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One of Pacific Gas & Electric's Diablo Canyon Power Plant's nuclear reactors in Avila Beach, Calif., on Nov. 3, 2008.Michael Mariant/The Associated Press

California lawmakers on Thursday passed a bill approving a $1.4 billion government loan to extend the life of the state’s only nuclear power plant to shore up electric reliability.

The bill, backed by Gov. Gavin Newsom but opposed by some environmental groups, marks a reversal of the state’s 2016 decision to retire PG&E Corp’s Diablo Canyon power plant by 2025.

If signed by Newsom, the legislation delays Diablo Canyon’s retirement by five years to 2030 and exempts some state agencies from complying with certain environmental laws to enable the extension.

The bill easily won the support of the required two-thirds of lawmakers it needed to pass.

California wants to produce all of its electricity from clean sources by 2045, but has faced challenges with that transition, such as rolling blackouts during a summer heatwave in 2020. Nuclear energy, which does not emit climate warming emissions, accounts for about 9% of the state’s electricity and nearly a fifth of its carbon-free power.

The bill’s passage was applauded by Carbon Free California, a group dedicated to keeping the plant open.

“By preserving the carbon-free power generation at Diablo Canyon through 2030 and advancing bold policy to expand renewables, California solidifies its place as a global leader in combatting climate change,” the group said.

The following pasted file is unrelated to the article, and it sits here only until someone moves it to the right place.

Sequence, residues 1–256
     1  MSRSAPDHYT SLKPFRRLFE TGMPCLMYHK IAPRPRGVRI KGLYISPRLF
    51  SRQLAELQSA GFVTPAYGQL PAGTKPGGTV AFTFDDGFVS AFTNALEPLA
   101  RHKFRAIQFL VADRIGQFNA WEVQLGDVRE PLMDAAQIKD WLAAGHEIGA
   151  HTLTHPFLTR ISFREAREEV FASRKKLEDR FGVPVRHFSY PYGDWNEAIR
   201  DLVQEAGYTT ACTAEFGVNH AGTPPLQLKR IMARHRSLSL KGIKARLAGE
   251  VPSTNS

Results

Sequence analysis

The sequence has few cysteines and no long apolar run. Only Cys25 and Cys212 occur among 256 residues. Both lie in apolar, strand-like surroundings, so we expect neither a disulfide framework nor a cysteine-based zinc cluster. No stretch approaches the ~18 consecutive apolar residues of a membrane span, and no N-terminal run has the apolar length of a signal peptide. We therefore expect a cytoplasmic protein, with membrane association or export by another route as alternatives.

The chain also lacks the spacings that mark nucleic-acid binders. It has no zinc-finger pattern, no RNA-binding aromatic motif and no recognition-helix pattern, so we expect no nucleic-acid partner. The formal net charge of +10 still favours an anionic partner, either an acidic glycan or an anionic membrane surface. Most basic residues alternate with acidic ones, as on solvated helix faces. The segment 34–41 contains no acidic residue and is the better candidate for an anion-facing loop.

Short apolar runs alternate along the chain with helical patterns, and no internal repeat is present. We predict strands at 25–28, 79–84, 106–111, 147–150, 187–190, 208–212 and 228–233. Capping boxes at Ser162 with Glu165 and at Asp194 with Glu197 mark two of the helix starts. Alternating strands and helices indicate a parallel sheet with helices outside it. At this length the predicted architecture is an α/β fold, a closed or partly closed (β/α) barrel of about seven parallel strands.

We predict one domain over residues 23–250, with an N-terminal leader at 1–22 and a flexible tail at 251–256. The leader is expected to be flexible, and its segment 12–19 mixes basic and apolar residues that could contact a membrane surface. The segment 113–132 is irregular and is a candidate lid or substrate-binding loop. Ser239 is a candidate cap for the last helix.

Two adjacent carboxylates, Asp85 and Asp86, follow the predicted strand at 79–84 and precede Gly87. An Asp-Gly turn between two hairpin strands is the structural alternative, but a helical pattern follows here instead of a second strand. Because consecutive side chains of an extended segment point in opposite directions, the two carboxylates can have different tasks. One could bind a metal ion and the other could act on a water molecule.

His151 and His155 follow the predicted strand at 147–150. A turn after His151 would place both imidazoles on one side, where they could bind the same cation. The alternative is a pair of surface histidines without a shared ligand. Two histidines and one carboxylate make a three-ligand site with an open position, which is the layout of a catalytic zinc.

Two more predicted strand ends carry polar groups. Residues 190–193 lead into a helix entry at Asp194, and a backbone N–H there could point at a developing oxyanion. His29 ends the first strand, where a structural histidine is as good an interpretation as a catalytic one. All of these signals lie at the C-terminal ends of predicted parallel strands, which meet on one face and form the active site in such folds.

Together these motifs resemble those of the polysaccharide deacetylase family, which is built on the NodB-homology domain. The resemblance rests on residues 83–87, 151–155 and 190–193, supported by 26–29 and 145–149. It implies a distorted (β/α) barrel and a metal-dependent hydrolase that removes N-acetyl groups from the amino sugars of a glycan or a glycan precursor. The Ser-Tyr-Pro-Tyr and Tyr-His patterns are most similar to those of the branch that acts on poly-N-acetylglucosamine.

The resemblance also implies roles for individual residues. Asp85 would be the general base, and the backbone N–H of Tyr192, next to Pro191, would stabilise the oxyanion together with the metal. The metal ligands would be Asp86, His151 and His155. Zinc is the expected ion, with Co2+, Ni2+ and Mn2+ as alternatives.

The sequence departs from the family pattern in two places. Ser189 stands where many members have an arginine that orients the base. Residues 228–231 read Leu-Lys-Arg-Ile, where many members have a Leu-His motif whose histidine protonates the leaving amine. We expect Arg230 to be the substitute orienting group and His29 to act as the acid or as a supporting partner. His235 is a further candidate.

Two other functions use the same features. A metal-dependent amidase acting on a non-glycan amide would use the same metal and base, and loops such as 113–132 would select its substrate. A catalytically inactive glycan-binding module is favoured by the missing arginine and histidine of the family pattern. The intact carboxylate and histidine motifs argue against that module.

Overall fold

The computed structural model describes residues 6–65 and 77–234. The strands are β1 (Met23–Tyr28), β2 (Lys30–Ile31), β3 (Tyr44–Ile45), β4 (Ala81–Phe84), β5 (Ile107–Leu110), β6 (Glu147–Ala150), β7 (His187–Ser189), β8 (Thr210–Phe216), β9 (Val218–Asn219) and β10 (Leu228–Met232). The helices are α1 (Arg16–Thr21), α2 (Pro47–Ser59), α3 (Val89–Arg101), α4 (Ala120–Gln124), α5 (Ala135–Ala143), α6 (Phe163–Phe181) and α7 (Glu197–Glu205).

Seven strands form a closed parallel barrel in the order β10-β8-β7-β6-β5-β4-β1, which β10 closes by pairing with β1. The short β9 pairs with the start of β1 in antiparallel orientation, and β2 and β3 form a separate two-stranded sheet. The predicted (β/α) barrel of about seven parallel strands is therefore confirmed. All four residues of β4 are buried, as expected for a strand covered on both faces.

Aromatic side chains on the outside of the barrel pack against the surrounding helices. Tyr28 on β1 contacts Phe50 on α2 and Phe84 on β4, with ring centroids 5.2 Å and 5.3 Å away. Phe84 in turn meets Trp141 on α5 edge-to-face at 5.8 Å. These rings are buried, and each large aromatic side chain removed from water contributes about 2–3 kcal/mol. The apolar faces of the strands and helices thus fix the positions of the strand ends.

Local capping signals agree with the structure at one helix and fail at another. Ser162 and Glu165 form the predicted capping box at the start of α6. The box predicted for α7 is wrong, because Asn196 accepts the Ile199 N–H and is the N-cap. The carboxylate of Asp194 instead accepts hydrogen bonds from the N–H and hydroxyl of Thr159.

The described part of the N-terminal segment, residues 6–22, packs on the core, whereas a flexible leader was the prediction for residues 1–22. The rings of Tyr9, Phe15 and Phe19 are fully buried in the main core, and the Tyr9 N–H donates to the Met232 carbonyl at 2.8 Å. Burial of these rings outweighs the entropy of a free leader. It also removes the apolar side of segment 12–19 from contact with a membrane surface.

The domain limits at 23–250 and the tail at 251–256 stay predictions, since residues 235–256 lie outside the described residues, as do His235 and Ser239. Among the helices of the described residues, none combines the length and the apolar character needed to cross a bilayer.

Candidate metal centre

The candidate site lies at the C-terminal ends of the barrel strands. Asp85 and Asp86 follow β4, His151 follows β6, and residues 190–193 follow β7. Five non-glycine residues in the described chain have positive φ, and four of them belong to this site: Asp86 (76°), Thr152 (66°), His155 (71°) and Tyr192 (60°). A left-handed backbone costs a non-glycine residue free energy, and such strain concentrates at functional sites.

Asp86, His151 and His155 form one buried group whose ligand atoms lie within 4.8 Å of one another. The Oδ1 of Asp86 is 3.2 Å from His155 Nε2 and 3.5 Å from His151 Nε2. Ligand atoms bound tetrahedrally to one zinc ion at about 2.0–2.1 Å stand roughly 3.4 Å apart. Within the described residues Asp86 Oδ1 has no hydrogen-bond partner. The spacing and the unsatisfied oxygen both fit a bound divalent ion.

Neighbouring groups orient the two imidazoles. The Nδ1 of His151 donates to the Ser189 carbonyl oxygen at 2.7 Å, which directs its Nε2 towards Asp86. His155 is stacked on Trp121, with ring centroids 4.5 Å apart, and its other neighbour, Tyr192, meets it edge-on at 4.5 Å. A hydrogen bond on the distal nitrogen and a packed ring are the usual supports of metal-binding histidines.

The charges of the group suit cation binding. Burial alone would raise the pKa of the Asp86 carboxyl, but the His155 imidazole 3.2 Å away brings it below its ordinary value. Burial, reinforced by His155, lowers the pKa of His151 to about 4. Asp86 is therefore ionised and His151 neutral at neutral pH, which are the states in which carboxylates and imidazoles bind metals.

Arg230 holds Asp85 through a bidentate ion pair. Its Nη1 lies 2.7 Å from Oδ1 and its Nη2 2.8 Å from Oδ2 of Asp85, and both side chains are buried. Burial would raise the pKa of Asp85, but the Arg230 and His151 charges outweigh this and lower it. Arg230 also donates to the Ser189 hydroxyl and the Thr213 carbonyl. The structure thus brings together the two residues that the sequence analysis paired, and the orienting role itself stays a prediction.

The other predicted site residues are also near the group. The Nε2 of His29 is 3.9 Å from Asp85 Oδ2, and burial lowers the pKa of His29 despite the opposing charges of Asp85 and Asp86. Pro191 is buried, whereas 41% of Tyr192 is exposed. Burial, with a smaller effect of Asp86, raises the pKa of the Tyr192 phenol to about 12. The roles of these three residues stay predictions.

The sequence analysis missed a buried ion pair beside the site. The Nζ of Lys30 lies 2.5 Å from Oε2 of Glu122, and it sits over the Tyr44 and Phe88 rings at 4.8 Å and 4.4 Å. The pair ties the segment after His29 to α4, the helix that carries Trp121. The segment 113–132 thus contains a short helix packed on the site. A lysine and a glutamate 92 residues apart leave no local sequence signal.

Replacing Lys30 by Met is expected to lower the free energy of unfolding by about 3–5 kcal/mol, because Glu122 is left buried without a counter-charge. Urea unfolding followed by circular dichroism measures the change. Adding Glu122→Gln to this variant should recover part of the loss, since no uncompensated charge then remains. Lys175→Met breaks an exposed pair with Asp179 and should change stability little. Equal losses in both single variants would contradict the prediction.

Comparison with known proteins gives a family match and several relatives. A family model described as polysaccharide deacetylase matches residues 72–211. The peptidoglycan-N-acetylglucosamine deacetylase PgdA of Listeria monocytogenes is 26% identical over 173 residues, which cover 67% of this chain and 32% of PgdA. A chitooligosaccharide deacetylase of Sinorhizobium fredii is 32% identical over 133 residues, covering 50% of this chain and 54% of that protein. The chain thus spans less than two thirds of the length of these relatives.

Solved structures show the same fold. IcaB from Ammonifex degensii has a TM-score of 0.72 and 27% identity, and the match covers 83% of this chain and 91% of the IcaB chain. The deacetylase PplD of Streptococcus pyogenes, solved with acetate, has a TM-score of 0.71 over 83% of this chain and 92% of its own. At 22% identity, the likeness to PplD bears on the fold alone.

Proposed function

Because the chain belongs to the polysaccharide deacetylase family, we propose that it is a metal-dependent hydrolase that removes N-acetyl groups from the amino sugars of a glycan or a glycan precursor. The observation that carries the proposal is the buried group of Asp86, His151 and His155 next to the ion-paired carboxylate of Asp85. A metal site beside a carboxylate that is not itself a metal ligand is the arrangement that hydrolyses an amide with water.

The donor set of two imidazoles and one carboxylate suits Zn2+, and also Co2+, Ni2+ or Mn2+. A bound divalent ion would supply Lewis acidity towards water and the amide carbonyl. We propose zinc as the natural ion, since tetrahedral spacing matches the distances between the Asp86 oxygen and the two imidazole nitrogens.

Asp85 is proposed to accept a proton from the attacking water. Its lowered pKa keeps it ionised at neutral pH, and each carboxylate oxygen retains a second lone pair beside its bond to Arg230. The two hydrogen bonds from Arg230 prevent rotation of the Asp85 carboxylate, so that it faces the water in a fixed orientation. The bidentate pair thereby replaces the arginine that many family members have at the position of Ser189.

Some environmental groups had argued the plant poses a safety threat, will be expensive to keep operating and should be replaced as quickly as possible by renewable energy.

“We have no need for this potentially dangerous power source given the unstoppable momentum toward a state running on 100% clean, safe and renewable power,” Environment California State Director Laura Deehan said in an emailed statement.

The bill was introduced days before the end of the state’s legislative session at the behest of Newsom, who wants PG&E to apply for new federal funding for nuclear power plants by a Sept. 6 deadline. PG&E cannot apply for the funding without a change in state law allowing for the plant’s extension.

California has said the federal government is expected to cover most or all of the cost of the $1.4 billion loan.

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